De Niro plays the title character. His Frank Sheeran begins as a truck driver in the 1950s, and gets involved with Russell Bufalino (Pesci) and his Pennsylvania crime family. As Sheeran climbs the ranks to become a top hit man, he also goes to work for Jimmy Hoffa (Pacino) – the influential leader of the powerful Teamster labor union, who had ties to organized crime.
So, let’s get this in again: “The Irishman” is too long! But too long definitely doesn’t mean bad. It is quite well done. The pacing is leisurely, but it would be unfair to call it slow. Instead, the pacing imparts the sense that this is a well-crafted production, helmed by a mature and steady hand.
The unnecessary length likely comes as a result of some Scorseseisms: entertaining scenes that add color and further explore the motivations of characters, but that are essentially 15 to 20 minutes or so that don’t necessarily advance the story all that much.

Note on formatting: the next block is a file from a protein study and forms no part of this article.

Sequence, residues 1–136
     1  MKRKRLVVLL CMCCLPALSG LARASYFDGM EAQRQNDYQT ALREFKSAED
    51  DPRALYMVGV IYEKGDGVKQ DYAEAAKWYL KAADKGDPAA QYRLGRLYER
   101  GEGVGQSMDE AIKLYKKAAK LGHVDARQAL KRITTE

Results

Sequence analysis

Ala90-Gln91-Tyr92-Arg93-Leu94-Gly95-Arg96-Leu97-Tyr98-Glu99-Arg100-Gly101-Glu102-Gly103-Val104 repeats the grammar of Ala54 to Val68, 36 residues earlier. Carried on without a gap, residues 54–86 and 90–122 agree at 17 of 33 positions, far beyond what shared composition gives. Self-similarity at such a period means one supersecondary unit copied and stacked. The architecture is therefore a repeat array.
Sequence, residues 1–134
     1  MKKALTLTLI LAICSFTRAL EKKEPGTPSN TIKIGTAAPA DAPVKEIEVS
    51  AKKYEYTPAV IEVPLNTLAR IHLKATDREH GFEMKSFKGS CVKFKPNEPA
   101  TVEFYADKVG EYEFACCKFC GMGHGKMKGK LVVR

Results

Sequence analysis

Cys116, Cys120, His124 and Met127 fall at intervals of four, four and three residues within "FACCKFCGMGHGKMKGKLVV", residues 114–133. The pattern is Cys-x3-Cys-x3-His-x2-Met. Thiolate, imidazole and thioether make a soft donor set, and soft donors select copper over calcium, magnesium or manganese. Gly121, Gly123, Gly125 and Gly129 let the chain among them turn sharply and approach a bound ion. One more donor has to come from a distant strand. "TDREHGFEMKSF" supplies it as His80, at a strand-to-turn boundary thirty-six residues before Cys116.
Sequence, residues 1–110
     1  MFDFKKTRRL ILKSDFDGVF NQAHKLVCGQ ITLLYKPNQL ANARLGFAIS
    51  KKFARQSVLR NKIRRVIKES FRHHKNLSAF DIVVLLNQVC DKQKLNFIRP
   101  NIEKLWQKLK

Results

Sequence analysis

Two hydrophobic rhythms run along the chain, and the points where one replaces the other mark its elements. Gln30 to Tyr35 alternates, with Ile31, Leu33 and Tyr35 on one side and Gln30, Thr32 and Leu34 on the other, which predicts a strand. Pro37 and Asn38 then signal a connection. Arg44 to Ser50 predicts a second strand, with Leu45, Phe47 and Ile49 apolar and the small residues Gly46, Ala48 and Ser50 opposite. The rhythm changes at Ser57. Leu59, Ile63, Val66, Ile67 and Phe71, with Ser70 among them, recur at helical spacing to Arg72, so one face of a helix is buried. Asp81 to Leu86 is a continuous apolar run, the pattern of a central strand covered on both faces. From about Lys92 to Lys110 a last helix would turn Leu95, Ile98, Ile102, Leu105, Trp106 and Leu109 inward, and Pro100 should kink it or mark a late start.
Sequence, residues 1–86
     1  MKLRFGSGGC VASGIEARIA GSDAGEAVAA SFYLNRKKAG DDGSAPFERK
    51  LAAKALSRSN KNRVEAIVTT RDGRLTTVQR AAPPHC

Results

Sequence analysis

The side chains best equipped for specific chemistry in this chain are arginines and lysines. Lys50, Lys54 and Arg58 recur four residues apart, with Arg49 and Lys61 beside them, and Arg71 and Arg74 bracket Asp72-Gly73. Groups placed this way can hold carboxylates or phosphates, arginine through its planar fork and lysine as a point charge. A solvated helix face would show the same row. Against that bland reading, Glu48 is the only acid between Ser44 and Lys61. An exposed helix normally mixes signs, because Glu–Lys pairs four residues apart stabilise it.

And while the film is supposed to be about Sheeran, most of us are either here for the Jimmy Hoffa storyline, or to see Al Pacino interacting with Robert De Niro, and that doesn’t seem to happen until, at the earliest, the end of the first hour. All contributing to that long running time.
Also, De Niro, who apparently is indeed of mixed Irish-Italian descent, has always looked exceptionally Italian, and thus, donning blue contact lenses to become the very Irish Sheeran, De Niro, at times, appears demon-possessed.
This happens especially when the film’s massive budget works its magic to digitally age and then de-age the actors, as the story hops back and forth through several time periods each decade beginning in the ‘50s. (Reports say this has been Scorsese’s most expensive movie to date, with estimates suggesting it cost anywhere from $125 to above $150 million.)
Thankfully those costly visual effects – outside of De Niro’s snake eyes – look relatively decent, and make the similar process used in the Ang Lee/Will Smith film “Gemini Man” earlier this year look like it was handled by small children.
But what makes “The Irishman” standout is the performances – some of the best you’ll see in a film this year. The standouts are of course the big three: De Niro, Pacino and Pesci, each in their best roles in years.